Listing 9.8: Remembering the user. green

app/helpers/sessions_helper.rb

module SessionsHelper

  # Logs in the given user.
  def log_in(user)
    session[:user_id] = user.id
  end

  # Remembers a user in a persistent session.
  def remember(user)
    user.remember
    cookies.permanent.signed[:user_id] = user.id
    cookies.permanent[:remember_token] = user.remember_token
  end

  # Returns the current logged-in user (if any).
  def current_user
    if session[:user_id]
      @current_user ||= User.find_by(id: session[:user_id])
    end
  end

  # Returns true if the user is logged in, false otherwise.
  def logged_in?
    !current_user.nil?
  end

  # Logs out the current user.
  def log_out
    session.delete(:user_id)
    @current_user = nil
  end
end

With the code in Listing 9.8, a user logging in will be remembered in the sense that their browser will get a valid remember token, but it doesn’t yet do us any good because the current_user method defined in Listing 8.16 knows only about the temporary session:

@current_user ||= User.find_by(id: session[:user_id])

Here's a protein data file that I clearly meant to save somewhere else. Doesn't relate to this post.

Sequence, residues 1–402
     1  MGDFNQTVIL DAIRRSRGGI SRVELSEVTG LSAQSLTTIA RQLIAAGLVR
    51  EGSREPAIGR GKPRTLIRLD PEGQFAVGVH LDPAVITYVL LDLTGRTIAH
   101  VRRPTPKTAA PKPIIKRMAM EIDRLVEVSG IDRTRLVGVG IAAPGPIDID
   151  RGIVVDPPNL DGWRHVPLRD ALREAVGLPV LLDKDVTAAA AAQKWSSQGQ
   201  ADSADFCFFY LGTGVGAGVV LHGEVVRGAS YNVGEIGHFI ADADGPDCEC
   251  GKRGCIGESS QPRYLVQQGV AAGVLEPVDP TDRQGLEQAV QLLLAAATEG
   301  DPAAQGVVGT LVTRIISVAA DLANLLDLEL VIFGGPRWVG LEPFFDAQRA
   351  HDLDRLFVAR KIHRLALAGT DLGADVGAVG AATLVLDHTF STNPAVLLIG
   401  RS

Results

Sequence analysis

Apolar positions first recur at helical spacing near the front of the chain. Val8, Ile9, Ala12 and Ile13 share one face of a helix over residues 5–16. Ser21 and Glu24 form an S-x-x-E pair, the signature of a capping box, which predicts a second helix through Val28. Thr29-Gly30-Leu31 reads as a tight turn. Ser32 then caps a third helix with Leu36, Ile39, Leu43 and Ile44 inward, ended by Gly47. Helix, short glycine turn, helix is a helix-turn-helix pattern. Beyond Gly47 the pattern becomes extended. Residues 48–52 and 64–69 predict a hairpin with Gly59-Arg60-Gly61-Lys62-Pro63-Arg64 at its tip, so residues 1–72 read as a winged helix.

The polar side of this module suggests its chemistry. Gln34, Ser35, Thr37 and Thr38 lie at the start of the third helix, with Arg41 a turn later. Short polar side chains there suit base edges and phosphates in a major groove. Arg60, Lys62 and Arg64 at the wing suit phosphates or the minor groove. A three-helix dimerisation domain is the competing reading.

In the case of persistent sessions, we want to retrieve the user from the temporary session if session[:user_id] exists, but otherwise we should look for cookies[:user_id] to retrieve (and log in) the user corresponding to the persistent session. We can accomplish this as follows:

if session[:user_id]
  @current_user ||= User.find_by(id: session[:user_id])
elsif cookies.signed[:user_id]
  user = User.find_by(id: cookies.signed[:user_id])
  if user && user.authenticated?(cookies[:remember_token])
    log_in user @current_user = user
  end
end

(This follows the same user && user.authenticated pattern we saw in Listing 8.7.) The code above will work, but note the repeated use of both session and cookies. We can eliminate this duplication as follows:

if (user_id = session[:user_id])
  @current_user ||= User.find_by(id: user_id)
elsif (user_id = cookies.signed[:user_id])
  user = User.find_by(id: user_id)
  if user && user.authenticated?(cookies[:remember_token])
    log_in user
    @current_user = user
  end
end

This uses the common but potentially confusing construction

if (user_id = session[:user_id])

Despite appearances, this is not a comparison (which would use double-equals ==), but rather is an assignment. If you were to read it in words, you wouldn’t say “If user id equals session of user id…”, but rather something like “If session of user id exists (while setting user id to session of user id)…”.10